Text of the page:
This scrappy black and white gangster flick from director John Lemont (Konga) mends classic film noir traits with ‘60s Brit film aesthetics into an action-packed racketeer thriller that captivates at a break-neck pace, but fails to rivet emotion due to dissipated drama and too many characters. After opening with a wonderful POV crawl through London, down Shaftsbury Avenue and Charring Cross Road, the script by Leigh Vance (The Black Windmill) unravels a piecemeal tale of how crime syndicates formed and functioned; casting London in noir-like darks and shades in shadowy bars, glitzy clubs, and dank Soho backstreets.
Herbert Lom plays crooked mob accountant Waldo Zhernikov, who plans to merge six London gangs into an all-encompassing criminal conglomerate. However, expanding protection rackets from pubs to construction firms is met with wider retaliation than anticipated. The collective, fronted by rugged Irish gangster Paddy Damion (Sean Connery), shirk corruption, double-crossing, and a Flying Squad inquiry that threatens to topple Zhernikov's plan, while Damion makes enemies, falls in love, and contemplates conspiratorial conundrums.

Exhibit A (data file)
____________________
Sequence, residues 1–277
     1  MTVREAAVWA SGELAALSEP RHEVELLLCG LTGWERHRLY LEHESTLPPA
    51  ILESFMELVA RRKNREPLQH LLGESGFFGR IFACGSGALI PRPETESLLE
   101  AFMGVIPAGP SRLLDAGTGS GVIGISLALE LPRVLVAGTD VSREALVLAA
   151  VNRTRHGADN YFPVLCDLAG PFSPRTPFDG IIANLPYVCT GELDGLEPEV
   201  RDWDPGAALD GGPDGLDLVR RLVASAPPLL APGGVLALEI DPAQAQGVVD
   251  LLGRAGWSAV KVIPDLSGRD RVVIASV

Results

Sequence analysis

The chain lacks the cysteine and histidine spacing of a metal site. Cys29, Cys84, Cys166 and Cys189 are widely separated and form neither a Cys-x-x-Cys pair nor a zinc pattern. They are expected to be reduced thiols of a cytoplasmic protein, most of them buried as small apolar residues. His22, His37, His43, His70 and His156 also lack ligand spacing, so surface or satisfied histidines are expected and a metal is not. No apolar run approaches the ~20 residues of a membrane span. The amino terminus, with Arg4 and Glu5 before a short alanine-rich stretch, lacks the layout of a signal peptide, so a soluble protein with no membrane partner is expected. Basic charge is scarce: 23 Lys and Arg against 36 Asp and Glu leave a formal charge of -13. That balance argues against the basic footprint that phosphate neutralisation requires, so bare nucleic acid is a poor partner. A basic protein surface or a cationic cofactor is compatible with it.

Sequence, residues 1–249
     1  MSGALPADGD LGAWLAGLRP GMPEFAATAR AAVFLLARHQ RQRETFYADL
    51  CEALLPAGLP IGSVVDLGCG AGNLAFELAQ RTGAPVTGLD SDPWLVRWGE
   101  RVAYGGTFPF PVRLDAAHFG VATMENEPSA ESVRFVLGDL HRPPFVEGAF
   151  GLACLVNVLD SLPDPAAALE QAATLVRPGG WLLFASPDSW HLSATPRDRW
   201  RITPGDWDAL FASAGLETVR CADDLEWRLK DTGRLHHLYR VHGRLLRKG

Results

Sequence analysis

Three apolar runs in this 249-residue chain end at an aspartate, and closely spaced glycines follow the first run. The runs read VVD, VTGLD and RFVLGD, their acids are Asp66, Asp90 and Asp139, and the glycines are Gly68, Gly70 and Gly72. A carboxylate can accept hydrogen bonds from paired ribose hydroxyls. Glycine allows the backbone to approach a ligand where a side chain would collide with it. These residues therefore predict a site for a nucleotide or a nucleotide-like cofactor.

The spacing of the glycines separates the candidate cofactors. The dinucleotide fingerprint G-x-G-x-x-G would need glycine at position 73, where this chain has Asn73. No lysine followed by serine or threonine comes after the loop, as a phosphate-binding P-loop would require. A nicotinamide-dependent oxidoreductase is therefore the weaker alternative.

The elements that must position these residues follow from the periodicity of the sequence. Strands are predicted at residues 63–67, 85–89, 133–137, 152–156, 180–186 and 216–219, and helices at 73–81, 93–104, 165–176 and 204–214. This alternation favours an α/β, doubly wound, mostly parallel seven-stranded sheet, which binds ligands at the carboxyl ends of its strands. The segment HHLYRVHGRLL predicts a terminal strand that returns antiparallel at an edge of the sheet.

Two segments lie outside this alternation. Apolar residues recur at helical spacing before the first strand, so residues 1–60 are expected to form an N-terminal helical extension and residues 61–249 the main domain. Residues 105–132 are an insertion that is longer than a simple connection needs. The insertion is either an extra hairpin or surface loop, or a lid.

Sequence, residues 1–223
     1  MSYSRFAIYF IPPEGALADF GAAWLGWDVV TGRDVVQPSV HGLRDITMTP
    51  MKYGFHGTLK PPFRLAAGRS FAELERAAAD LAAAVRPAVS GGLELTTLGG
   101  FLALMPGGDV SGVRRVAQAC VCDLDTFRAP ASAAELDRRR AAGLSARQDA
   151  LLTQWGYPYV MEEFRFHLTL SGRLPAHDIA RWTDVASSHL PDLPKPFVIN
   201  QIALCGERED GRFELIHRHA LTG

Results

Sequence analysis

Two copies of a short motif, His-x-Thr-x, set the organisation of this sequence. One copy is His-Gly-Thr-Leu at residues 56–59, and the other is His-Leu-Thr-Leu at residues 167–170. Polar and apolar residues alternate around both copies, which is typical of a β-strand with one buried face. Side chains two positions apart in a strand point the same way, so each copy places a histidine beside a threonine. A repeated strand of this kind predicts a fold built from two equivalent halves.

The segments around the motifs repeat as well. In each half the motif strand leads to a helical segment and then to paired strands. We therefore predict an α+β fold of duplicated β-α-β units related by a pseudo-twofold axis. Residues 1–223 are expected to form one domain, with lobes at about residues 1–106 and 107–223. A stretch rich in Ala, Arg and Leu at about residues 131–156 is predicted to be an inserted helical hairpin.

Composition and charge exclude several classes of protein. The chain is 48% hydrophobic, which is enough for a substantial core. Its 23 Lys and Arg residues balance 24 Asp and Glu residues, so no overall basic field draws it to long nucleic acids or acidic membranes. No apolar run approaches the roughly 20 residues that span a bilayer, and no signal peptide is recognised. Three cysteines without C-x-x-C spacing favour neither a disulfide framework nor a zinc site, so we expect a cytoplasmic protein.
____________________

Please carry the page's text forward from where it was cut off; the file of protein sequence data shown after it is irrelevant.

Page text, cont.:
The script skims through schemes, scenes, and dead-end subplots involving short-lived characters with too short amount of screen time. In terms of production, execution, acting, and atmosphere, The Frightened City prevails as a feisty neo-noir and fascinating snapshot of central London life, showcasing the old bleak beauty of Soho, punch-ups in rough pubs, and lush club/dance hall-based musical numbers. Alongside the urban underworld that, while since romanticised, once stoked fear, this makes The Frightened City a patchy but enthralling insight into sixties London crime life, with the air of those classic German and American film noirs that inspired it.